This one’s a love story set in the village of Zennor on the coast of Cornwall, and tells the mythical tale of chorister Mathew Trewella and an ageless mermaid, who, as is usually the case when you come across a woman with long blond hair, no legs or bra and a taste for crustaceans, fall head over tail in love.
The music comprises three sections: 'The Sea and Seafaring', which evokes the industry of the fishermen on their boat as the waves rise and fall around them; 'At the Church' portraying the mermaid with gentle, magical-sounds and the groom’s vocal talents to try and impress her, and 'Return to the Waves', which tells of their post- nuptial return to the sea.
It’s richly descriptive and cleverly scored; with more nods and winks to seafaring compositions - from ‘Scheherazade’, ‘Peter Grimes’ and the ‘Sailor’s Hymn’ to the opening to ‘Black Beauty’ (or the first three notes to the old ‘World of Sport’ 1970 television theme) - than Popeye with a nervous twitch.
It’s a tale that that unfolds with colour, passion and drama; as well as with tricky solo and ensemble work, time signature shifts, some lovely choral development, longing sighs and a surging finale.
No wonder it’s been popular.
Who will win?
Sixteen well matched bands will try to catch the ears of Stephen Roberts and David Lancaster in the box - with David already making his thoughts known on how to approach the piece at the North West Championship last month.
How that will influence the way bands tackle things on Saturday morning we will have to wait and see, but he did point out that not many captured the lilting ‘two in a bar’ feel of the waves lapping the seafaring boat in the first movement.
Whoever gets through has a decent record to maintain at Cheltenham, with four top-six finishes since 2010, although last year’s representatives came 9th and 16th. You also have to go back to 1977 for the last time the Area produced a winner - so one is long overdue.
There are a couple of bands on recent form that will be good each-way bets to claim a qualification place - headed by Soham Comrades, who came runner-up at Butlins earlier in the season and has been making fine progress under the direction of Jayne Murrill.
Cawston, Norfolk Wherry Brass and Tilbury didn’t enjoy their trip to Skegness as much, but shouldn’t be discounted, whilst there were encouraging run-out performances from St Sebastian Wokingham and Yiewsley & West Drayton (who qualified last year) at the recent Oxfordshire contest.
BAE Systems could be a band listen out for if they take as an inventive approach as they did at the National Finals last year in the Third Section, whilst both Amersham and Hungerford will be looking to improve on solid top-six finishes in 2015 to claim a qualification berth.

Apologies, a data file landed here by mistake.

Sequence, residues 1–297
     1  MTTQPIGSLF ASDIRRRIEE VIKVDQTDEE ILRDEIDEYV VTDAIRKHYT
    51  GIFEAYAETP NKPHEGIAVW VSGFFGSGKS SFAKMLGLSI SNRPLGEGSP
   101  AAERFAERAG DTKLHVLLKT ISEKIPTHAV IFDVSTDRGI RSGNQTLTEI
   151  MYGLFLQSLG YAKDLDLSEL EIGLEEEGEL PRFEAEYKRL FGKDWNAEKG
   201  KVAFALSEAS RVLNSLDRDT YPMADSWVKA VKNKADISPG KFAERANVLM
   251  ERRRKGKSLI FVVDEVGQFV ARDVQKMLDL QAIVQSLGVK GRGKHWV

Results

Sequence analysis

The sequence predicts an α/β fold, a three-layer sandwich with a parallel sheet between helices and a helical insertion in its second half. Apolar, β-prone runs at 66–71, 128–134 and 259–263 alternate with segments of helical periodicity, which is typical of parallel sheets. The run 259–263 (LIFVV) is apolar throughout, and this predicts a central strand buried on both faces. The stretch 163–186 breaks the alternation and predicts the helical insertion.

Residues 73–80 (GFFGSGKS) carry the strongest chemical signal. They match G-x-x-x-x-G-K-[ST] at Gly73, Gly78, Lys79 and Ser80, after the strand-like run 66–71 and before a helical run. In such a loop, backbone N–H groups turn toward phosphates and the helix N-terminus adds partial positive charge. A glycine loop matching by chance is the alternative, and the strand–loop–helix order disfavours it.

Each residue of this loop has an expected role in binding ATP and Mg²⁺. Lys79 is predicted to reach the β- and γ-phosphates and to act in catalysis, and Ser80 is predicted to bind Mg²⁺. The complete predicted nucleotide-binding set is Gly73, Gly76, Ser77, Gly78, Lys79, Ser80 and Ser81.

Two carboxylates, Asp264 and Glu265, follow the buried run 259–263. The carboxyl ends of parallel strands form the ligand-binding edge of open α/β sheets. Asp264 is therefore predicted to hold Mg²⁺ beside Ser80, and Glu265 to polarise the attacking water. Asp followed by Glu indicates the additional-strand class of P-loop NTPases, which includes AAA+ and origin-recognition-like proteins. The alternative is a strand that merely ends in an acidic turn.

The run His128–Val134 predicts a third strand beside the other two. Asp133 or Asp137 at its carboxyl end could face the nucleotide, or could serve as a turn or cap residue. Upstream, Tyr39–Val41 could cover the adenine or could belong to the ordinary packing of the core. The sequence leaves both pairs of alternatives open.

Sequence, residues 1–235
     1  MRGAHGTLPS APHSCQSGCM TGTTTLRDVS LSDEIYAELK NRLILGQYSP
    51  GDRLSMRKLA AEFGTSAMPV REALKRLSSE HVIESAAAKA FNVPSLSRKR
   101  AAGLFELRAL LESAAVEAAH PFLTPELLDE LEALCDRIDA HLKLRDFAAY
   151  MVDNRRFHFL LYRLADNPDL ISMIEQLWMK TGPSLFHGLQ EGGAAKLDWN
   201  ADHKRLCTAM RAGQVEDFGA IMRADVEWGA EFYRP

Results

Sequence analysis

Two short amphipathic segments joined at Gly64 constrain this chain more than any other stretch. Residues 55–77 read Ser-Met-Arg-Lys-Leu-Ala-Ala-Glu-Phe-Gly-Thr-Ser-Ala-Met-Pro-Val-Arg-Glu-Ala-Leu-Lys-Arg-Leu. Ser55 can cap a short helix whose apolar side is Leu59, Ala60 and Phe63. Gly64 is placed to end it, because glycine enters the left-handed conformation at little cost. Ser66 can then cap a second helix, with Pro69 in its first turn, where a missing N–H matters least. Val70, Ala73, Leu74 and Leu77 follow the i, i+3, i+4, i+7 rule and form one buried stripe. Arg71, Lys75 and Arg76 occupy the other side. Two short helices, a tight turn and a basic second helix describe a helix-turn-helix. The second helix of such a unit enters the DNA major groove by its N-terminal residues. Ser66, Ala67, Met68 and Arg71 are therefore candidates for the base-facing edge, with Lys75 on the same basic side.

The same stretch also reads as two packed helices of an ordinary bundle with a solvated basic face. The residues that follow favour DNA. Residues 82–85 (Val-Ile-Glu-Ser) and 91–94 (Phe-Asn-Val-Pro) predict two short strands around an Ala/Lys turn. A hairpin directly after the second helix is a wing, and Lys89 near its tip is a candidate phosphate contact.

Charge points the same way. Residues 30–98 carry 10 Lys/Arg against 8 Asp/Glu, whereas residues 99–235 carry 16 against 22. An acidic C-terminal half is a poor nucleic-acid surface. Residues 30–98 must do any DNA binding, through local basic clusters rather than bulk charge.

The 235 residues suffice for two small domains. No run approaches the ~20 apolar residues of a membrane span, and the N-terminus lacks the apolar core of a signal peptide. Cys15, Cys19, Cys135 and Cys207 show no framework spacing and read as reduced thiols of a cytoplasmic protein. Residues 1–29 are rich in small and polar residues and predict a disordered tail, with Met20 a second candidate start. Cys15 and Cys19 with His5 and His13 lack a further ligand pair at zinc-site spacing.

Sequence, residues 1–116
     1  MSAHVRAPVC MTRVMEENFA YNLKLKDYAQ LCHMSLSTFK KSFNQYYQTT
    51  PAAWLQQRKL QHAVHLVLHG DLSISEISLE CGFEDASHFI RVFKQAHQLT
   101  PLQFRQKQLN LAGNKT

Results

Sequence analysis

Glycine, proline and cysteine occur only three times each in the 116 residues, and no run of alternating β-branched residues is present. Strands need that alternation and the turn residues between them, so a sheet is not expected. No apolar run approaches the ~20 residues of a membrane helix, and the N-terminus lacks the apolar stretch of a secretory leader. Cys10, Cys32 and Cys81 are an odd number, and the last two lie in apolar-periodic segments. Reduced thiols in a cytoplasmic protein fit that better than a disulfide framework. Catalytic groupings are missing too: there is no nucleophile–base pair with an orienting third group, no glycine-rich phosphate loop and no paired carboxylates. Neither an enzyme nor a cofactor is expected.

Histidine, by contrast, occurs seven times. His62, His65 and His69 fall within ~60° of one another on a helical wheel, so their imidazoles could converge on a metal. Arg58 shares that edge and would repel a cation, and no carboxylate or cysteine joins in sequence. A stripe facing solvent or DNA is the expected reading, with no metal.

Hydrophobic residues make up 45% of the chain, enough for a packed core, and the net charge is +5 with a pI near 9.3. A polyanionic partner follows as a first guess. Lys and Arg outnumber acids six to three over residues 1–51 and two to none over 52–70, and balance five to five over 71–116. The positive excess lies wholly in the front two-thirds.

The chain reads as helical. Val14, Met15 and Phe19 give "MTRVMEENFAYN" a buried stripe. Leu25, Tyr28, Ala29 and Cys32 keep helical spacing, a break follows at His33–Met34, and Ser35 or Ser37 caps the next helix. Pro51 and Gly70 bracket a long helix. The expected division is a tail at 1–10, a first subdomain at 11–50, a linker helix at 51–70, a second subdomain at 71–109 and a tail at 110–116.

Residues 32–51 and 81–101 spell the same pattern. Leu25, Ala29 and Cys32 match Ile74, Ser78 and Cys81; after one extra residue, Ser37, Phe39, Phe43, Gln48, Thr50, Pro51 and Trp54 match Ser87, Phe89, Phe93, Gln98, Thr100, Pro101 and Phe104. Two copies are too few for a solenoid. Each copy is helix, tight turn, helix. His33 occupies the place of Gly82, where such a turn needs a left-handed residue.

1. Soham Comrades
4. St Sebastian Wokingham
5. Yiewsley & West Drayton
Dark Horse: BAE Systems
2015 Champions: BAE Systems
Test Piece: A Cambrian Suite (Michael Ball)
Sunday 20th March
Gordon Craig Theatre
Adjudicators: Mark Wilkinson and David Lancaster
Chinnor Silver (David Pegram)
City of Oxford Silver (Nigel Hall)
Cold Ash Brass (Jemma Evans)
East Coast Brass (Paul Speed)
Fairlop Brass (Kevin Jordan)
Great Yarmouth Brass (Colin Swaep)
Hangleton (Richard Baker)
Hemel Hempstead (David Edmonds)
Jubilee Brass (Oxford) (Clifford Sadler)
Olney Brass (Guy Bennett)
Oxford Cherwell Brass (Terry Brotherhood)
Regent Community Brass (Chris Bearman)
Simon Langton Brass (David Cutting)
Tadley Concert Brass (Paul Chapman)
Tendring Brass (Antony Sanders)
Waterbeach (Andrew Kershaw)
Michael Ball’s test piece has been proving itself something of a Celtic conundrum so far at the regional championships; with its detailed notational and descriptive instructions causing no end of problems.
That was certainly the case in Torquay, Bedworth, Perth and Durham, where despite the clarity of the composer’s written intentions, conductor’s still found it hard to bring out the required dynamic, texture and tempo remits.
That also included the short ‘attacca’ between the second and third movements, which with some bands were long enough to have a cup of tea in, whilst the opening few bards found many players still finding their stage ‘whereabouts’ as they took time to lock in concentration.
It really is a much tricky work than it looks - and although not written in Welsh (apart from the names of the three movements), the ‘horizontal and vertical’ reading - that found above and below the stave as Mike Fowles so accurately referred to it at Blackpool, has been as well understood by some conductors as the translate 888 page to ‘Pobol y Cwm’.
Hopefully the conductors here won’t be as musically monoglot - as the opening pride of ‘Men of Harlech’ - even in rather fragmentary form - the lullaby ‘Suo Gan’ and fleet-footed ‘The Rising of the Lark’ could be written in just about any mother tongue and still get you repelling the Zulu hordes at Rourke’s Drift or racing down the wing like Gareth Bale.
Who will win?
Just two qualification places up for grabs - but plenty of bands who will fancy their chances of snatching them.